- Vestac, a WiFi tracking technology developer, announced a multimodal RTLS system that combines infrared (IR) and WiFi. Low-cost infrared transmitters are used where WiFi coverage isn't present. The New Jersey-based company is also seeking distributors.
- Valtra implemented an RFID system to trigger replenishment orders at its tractor manufacturing facility in Suolahti, Finland. Vilant Systems, a solution provider in Helsinki, reported the system it provided Valtra tracks pallets from the time they are received and automatically generates replenishment requests through the ERP system when materials fall below set buffer levels.
- TagStone, a wireless technology integrator headquartered in Dubai, announced it reached an agreement to resell technology from Zebra Enterprise Solutions in the Middle East. The firms will focus on vehicle tracking systems for the automotive dealer market. TagStone CEO Mike Meranda is the former president of RFID standards body EPCglobal US.
- Toronto-headquartered Sirit announced it teamed with Mexican integrator Axiompass to implement the first electronic vehicle registration system in Mexico. The system was installed on a toll road in the state of Alpyeca and was inaugurated by Mexican president Felipe Calderón.
- AdvantaPure of Southampton, Pennsylvania introduced GammaTag 500, an RFID tag that can withstand exposure to gamma radiation that is used in sterilization procedures. The 2.45 GHz read-only tag measures 4 by 52 millimeters and is available in a variety of form factors.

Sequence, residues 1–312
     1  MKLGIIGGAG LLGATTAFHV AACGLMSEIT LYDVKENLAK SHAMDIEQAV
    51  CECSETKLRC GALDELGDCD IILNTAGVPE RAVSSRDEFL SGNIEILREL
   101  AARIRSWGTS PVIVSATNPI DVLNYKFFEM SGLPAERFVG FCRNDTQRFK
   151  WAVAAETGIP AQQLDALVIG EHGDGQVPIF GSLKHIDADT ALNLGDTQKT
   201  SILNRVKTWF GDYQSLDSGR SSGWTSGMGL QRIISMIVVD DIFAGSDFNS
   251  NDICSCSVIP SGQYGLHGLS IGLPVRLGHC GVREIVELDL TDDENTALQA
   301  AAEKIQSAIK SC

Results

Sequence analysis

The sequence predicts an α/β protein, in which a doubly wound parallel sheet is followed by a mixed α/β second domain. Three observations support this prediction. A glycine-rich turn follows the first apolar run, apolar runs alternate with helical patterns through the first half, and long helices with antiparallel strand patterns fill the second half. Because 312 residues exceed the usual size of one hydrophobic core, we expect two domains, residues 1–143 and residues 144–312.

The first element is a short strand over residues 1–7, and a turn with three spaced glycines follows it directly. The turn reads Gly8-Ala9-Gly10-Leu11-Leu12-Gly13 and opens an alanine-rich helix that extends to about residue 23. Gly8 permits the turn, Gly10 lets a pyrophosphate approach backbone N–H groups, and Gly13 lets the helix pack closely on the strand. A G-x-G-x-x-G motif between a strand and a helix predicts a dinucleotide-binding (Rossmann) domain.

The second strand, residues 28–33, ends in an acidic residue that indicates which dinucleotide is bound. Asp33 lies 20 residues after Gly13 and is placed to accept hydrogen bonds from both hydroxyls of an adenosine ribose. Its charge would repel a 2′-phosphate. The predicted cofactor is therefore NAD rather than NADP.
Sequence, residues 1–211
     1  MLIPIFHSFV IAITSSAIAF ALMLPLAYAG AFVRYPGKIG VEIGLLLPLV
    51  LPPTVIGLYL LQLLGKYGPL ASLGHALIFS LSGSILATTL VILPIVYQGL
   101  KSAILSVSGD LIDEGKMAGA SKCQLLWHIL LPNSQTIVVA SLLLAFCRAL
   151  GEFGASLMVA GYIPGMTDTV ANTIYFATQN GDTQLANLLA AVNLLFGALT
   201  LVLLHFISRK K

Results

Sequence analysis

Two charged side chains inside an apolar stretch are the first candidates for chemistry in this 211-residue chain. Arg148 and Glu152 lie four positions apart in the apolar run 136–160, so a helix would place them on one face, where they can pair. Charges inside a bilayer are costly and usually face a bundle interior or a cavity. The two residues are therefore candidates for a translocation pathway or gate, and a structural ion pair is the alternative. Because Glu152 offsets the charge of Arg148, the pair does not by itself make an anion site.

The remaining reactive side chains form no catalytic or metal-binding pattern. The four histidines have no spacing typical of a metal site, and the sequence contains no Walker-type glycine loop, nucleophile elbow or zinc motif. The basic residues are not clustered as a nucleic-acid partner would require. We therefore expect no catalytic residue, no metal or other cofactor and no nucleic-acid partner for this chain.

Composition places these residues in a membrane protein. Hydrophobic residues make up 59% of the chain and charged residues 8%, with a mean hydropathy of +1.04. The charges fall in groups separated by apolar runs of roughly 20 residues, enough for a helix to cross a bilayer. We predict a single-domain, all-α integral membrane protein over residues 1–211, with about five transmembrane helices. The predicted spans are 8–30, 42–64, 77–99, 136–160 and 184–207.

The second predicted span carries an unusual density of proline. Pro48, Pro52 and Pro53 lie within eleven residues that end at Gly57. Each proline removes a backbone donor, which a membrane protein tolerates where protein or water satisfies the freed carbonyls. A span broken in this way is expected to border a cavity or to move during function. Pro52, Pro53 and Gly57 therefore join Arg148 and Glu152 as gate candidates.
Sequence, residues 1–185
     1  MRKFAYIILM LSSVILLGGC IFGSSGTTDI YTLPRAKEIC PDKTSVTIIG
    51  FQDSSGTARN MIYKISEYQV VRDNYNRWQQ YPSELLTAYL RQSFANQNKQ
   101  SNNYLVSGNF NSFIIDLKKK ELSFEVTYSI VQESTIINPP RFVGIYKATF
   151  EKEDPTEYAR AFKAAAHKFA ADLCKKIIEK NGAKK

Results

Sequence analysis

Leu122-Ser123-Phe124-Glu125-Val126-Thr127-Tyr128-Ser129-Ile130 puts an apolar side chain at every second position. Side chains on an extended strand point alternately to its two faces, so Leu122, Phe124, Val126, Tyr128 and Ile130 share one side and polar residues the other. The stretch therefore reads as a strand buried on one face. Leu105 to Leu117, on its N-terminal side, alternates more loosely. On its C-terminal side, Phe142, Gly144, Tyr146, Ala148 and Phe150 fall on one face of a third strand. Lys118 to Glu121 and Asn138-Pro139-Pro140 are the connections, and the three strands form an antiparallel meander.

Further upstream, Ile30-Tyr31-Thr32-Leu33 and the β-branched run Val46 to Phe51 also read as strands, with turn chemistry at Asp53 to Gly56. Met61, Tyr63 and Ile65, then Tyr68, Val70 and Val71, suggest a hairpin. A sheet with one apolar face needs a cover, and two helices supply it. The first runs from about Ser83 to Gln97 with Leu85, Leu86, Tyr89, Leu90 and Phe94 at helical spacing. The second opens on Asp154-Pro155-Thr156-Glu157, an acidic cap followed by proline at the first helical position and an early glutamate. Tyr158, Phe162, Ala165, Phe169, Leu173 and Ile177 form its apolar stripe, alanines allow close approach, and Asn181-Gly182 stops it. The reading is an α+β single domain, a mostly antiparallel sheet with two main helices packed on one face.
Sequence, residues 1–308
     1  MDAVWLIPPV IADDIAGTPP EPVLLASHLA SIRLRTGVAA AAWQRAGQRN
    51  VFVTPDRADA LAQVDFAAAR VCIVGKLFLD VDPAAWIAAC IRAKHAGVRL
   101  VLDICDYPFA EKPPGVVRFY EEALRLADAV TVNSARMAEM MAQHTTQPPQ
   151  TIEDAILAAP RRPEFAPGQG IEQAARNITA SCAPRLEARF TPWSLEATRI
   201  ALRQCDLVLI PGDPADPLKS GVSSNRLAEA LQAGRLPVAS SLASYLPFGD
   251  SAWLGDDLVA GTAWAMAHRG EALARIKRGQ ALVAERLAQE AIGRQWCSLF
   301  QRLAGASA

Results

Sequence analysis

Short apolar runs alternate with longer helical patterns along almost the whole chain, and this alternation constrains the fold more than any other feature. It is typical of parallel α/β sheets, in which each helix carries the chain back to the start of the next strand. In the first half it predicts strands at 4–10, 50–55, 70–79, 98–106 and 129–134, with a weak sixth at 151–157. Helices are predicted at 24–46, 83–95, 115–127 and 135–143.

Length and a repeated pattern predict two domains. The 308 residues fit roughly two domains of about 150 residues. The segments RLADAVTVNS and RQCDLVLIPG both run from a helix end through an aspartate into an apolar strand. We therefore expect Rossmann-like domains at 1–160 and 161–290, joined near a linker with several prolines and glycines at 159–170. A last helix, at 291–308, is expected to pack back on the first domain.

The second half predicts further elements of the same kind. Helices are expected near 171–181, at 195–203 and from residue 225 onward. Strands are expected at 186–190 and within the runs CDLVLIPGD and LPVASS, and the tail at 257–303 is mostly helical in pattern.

- FEIG Electronics and smart-TEC have developed an RFID solution for medical lasers to ensure patient safety. A robust, temperature-resistant RFID tag is attached to a laser connector to store usage and sterilization data about the laser. If a surgeon attempts to use the laser without properly sterilizing it, the RFID solution prevents the laser from functioning. See the announcement for additional information.
- Management Health Solutions, a Fairfield, Connecticut company that provides inventory management solutions to the healthcare industry, announced it is expanding its services and offers RFID and bar code tracking.
- SMARTRAC introduced dual-frequency pre-laminated inlays. The new additions to the Dutch transponder maker's PRELAM family are available in combinations of LF, HF and UHF frequencies.
- Omni-ID, IBM Japan and Mitsubishi Electric will jointly market RFID asset tracking solutions in Japan. The firms announced they will concentrate on the data center market, where IBM and Omni-ID already have a co-branded solution.
- OTA Training appointed Jonathan Elcombe GM of operations in Australia and the Pacific Rim, the global RFID training and certification provider announced. OTA Training opened an office in Canberra last July and has expanded its course offerings in the region.
- Law360 reports 3M sued Envisionware claiming infringement of 14 RFID patents and other technology used in library automation.